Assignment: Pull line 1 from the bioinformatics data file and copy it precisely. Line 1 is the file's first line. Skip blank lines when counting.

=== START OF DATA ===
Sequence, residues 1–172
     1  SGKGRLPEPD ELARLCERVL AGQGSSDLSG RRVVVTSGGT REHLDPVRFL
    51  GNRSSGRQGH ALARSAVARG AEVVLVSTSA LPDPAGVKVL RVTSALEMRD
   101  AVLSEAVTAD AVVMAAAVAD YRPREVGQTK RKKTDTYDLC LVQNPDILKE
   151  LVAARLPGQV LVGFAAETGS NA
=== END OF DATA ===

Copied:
Sequence, residues 1–172